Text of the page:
C. MUH and House of Cards
time limit per test
1 second
memory limit per test
256 megabytes
standard input
standard output

Polar bears Menshykov and Uslada from the zoo of St. Petersburg and elephant Horace from the zoo of Kiev decided to build a house of cards. For that they've already found a hefty deck of n playing cards. Let's describe the house they want to make:

  1. The house consists of some non-zero number of floors.
  2. Each floor consists of a non-zero number of rooms and the ceiling. A room is two cards that are leaned towards each other. The rooms are made in a row, each two adjoining rooms share a ceiling made by another card.
  3. Each floor besides for the lowest one should contain less rooms than the floor below.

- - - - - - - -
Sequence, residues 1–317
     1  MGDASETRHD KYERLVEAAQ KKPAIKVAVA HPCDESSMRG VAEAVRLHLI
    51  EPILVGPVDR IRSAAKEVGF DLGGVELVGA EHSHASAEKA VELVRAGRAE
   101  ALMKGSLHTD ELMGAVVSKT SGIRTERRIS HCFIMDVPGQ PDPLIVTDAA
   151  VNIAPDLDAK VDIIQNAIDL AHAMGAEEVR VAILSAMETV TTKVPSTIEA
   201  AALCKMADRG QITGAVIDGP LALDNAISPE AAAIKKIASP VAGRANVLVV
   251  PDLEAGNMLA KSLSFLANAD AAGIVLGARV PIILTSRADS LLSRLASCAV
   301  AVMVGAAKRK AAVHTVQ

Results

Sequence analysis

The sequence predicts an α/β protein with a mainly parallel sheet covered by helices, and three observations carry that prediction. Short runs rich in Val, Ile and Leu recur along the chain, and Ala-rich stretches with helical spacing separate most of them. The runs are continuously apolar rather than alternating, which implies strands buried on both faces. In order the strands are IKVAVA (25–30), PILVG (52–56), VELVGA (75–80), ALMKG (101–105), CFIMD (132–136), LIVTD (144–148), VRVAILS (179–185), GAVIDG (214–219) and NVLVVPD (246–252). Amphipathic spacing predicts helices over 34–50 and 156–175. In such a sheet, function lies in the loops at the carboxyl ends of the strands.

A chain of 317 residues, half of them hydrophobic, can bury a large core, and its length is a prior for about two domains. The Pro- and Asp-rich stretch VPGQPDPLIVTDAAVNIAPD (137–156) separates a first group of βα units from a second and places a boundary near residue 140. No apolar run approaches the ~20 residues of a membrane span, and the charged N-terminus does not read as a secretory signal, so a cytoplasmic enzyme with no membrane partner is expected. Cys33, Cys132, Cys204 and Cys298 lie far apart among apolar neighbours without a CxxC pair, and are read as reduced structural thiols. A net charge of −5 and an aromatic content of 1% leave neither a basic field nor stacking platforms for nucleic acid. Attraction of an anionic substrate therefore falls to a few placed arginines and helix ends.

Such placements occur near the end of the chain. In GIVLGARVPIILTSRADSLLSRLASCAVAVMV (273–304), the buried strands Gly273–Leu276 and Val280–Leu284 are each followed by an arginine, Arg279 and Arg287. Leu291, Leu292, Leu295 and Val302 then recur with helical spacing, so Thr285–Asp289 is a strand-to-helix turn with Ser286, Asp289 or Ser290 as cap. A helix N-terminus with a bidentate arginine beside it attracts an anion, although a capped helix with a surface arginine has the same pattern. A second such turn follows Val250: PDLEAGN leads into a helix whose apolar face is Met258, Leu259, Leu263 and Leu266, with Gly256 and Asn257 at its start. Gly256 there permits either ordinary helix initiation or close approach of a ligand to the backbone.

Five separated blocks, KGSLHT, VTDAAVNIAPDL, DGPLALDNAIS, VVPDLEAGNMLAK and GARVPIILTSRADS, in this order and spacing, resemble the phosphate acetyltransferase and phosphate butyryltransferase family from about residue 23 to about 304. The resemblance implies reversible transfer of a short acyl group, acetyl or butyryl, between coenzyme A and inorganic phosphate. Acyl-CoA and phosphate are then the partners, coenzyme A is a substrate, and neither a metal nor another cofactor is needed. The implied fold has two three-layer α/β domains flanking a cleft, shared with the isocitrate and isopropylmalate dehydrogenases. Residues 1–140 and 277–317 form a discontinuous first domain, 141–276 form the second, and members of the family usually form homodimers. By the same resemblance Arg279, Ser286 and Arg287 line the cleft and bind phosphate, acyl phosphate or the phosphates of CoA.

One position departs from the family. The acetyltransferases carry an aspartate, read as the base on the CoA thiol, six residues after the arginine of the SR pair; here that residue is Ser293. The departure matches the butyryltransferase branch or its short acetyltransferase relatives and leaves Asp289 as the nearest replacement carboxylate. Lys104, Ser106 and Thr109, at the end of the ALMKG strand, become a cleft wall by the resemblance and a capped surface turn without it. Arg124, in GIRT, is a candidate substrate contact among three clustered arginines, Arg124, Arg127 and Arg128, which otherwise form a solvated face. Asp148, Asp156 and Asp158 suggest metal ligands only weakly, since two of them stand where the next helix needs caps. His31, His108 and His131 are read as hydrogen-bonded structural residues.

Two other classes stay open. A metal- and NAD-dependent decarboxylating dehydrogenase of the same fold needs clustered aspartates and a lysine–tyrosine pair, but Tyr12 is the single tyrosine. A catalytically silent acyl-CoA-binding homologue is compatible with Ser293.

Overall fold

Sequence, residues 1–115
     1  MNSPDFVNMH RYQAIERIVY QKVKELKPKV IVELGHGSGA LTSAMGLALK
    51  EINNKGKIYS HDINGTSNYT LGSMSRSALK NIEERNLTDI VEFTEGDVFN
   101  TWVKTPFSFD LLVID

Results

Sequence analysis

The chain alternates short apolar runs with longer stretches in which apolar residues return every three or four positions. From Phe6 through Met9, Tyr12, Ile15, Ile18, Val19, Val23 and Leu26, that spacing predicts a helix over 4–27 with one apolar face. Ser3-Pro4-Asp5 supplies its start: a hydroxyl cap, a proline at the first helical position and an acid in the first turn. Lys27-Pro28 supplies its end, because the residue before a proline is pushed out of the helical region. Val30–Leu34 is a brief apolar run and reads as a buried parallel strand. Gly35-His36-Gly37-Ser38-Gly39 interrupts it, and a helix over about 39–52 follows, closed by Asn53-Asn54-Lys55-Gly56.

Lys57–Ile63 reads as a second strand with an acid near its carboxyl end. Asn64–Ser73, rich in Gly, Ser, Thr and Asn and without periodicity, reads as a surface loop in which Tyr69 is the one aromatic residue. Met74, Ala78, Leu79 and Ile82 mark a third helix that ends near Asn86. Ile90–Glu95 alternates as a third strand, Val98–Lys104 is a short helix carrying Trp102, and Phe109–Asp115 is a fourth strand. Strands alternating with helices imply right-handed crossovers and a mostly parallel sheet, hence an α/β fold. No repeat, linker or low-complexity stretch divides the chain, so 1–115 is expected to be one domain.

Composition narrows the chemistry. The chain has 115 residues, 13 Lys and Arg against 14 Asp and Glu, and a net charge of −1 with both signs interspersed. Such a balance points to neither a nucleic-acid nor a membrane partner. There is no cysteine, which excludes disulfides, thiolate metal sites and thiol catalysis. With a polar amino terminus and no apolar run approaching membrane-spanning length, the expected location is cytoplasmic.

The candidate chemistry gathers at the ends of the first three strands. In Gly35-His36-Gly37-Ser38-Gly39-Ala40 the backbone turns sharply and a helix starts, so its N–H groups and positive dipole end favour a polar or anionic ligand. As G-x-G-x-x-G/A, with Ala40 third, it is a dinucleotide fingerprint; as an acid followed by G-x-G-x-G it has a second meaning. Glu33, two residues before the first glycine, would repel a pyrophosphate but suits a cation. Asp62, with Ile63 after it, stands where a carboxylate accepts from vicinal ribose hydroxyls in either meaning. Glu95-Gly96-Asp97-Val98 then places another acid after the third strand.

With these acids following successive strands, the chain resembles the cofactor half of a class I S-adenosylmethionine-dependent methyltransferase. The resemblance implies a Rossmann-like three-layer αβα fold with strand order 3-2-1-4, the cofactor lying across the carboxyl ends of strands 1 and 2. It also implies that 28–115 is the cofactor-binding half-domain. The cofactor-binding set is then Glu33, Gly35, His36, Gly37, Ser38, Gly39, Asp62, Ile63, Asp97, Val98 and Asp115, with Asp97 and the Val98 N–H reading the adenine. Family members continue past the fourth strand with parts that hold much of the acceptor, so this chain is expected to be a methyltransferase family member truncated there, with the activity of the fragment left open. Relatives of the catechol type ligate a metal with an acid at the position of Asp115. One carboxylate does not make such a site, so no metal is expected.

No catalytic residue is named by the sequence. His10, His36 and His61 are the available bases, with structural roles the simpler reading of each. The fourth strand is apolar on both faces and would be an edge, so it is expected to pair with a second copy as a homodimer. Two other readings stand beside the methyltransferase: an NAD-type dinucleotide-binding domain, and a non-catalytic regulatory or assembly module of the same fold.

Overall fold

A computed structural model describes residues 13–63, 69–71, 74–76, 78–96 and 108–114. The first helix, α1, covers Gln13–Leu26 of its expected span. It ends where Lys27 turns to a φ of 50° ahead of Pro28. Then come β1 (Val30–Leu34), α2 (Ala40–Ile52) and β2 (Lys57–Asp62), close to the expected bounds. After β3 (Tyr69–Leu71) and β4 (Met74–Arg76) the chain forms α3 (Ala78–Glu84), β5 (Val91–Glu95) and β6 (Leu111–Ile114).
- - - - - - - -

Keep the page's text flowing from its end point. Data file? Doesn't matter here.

Please note that the house may end by the floor with more than one room, and in this case they also must be covered by the ceiling. Also, the number of rooms on the adjoining floors doesn't have to differ by one, the difference may be more.

While bears are practicing to put cards, Horace tries to figure out how many floors their house should consist of. The height of the house is the number of floors in it. It is possible that you can make a lot of different houses of different heights out of n cards. It seems that the elephant cannot solve this problem and he asks you to count the number of the distinct heights of the houses that they can make using exactly n cards.


The single line contains integer n (1 ≤ n ≤ 1012) — the number of cards.


Print the number of distinct heights that the houses made of exactly n cards can have.


In the first sample you can build only these two houses (remember, you must use all the cards):

Thus, 13 cards are enough only for two floor houses, so the answer is 1.

The six cards in the second sample are not enough to build any house.